We’re finally settling in after an adventurous few weeks (posts about that coming later!) spent camping at some of our favourite places. We’ve had time to explore together, push personal boundaries and discover beautiful new locations.
Best of all, our girls had the opportunity to make connections with kids of all ages and the freedom to explore away from our watchful gaze. By now I’m sure you’ve heard the phrase “free range kids” and you’ve come to some conclusions about what that entails.
For me, it means allowing our girls to have the space and freedom to discover just how much they’re capable of, just how competent they really are and to practice self-reliance and problem solving on their own. But it’s also so much more than that. It’s challenging my own belief systems, the ones that urge me to keep them close, keep them safe. The ones that flash worst case scenarios in my mind until I feel my chest tighten.
Examining our belief systems and where they come from is a necessary step in allowing our children some much needed freedoms. What contributes to our beliefs that kids are in danger when they’re not with us, and that by keeping them close we’re protecting them. News, media, amber alerts, warnings from our own parents? When did we come to the conclusion that the world is so inherently unsafe that a 9 year old can’t play at the park alone, or that siblings walking home alone from the park warrants police intervention?
It’s a constructed false reality. The truth is that our kids are growing up in a safer world than we did. Across North America violent crime rates have fallen since their peak in their late 80s early 90s. With some areas experiencing a decrease of up to 50-70% in violent crime, leading researchers to search for the cause, with some interesting theories.
Police-reported crime rate in Canada continues to fall, and in 2013 reached the lowest point since 1969.
So why, when polled, do we believe that crime is on there rise?
Part of the reason for this divergence is what sociologists call pessimistic bias: the unshakable conviction that things are not just worse than they are, but also worse than they used to be. Humans appear to have a hard-wired tendency to compare contemporary life with the largely fictitious good old days, in which all schools were top-notch, politicians had integrity, children behaved and crime was nil.
– Joe Keohane Writer/Editor.
Another part is that while crime rates are dropping, reporting on crime has increased somewhere in the 600% range. The fear inducing headlines are everywhere we turn, on the news, while waiting in line at the bank and coffee shops, on FB, twitter, it’s a constant stream of worst case scenarios.
It’s an unfortunate fact that media reporting on individual crimes yields a relentlessly dismal drumbeat of downbeat news. But even as each reported crime yields a story that is terrifying enough to shape our perceptions, the truth is that none of them tells us much about the broader trends. Far better to ignore the anecdotes and focus instead on the big picture, and the hard data tells us: There’s been a remarkable decline in crime.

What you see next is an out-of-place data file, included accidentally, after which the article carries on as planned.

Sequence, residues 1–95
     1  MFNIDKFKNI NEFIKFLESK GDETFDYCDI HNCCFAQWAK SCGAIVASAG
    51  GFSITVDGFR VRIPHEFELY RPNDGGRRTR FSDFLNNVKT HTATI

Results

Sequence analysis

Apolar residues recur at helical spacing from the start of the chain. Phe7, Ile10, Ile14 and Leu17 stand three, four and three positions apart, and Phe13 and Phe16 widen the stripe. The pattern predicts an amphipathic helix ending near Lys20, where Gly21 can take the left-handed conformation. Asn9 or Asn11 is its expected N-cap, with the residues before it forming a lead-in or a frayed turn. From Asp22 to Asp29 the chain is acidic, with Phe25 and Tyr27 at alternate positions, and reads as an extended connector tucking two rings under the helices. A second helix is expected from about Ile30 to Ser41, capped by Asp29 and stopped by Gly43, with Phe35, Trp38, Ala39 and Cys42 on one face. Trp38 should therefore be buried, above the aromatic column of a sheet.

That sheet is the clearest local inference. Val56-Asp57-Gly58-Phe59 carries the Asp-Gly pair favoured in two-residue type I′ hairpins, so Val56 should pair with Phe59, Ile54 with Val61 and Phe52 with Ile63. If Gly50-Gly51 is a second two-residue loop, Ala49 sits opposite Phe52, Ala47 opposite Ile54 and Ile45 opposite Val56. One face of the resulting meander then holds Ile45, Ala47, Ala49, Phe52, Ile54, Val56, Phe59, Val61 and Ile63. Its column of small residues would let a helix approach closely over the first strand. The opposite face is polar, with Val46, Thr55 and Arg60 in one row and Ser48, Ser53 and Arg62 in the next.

– Justin Wolfer, senior fellow at Peterson Institute for International Economics and Professor of economics and public policy at University of Michigan
The best way to shake yourself free of these misconceptions is to arm yourself with the truth. Study, read and re-evaluate that which you just assume to be a certain way. Then, make your decisions accordingly.
I’ve read Skenazy’s book (Free Range Kids) and it’s helped me immensely in allowing Amina more freedom. The best place for us has been provincial and national parks. The photo below was taken at Cyprus Lake on the Bruce Peninsula National Park’s campgrounds. She, the youngest in the group of 6 girls (8,10, 11, 12 and 13) were hunting water snakes, frogs and leeches as the sun set. Heidi (above) looked on, but was too tired to join in (we decided against letting her venture with the group at dusk).
They had been at it all day. Making discoveries, hypotheses and testing their theories. They concluded that the light fleshed slimy creatures they pulled from the murky water under rocks were vegetarian. A conclusion reached by the groups’ oldest (13 year old Cam) after she attempted to entice the leeches to bite her and they refused. (Cam and Heidi were exploring a little further down).
The 4 girls in our camp, my mini wildlings and the 2 daughters of a dear friend left together, venturing only to the path next to our tent at first and slowly farther and farther away as their confidence grew and as the adults relaxed. They forged a friendship with the 3 other girls, made plans together and looked out for the littlest in the group (Heidi, 2.5).
Nothing compared to their breathless excitement as they raced back to camp form the lake with slimy creatures in a bucket, bursting to show us what they discovered. In that moment I knew without a doubt that the decision to let go a little was the best one of the trip. Baby steps.
If you’d like to delve into this topic a bit more, I’d love to see your thoughts in the comments.For more ideas/encouragement in favour of Free Range Kids/Parenting, check out the links below:
- What exactly is this whole ‘free-range kid’ thing? The Washington Post
- Free Range Kids vs. Protective Parents The Mother Company
- Why Free Range Kids Are Healthier The Daily Beast
- The Overprotected Kid The Atlantic
- The Importance Of Free Play For Kids Outside Online
- Children and Nature Movement Richard Louv
- Our World In Data [Homicides per 100,000 per year]
What baby steps have you taken? Do you let your little one cross the road walking beside you, not holding your hand? Do you let your kids run ahead on the way to the park? Let them play in front of the house? I’d love to hear your stories!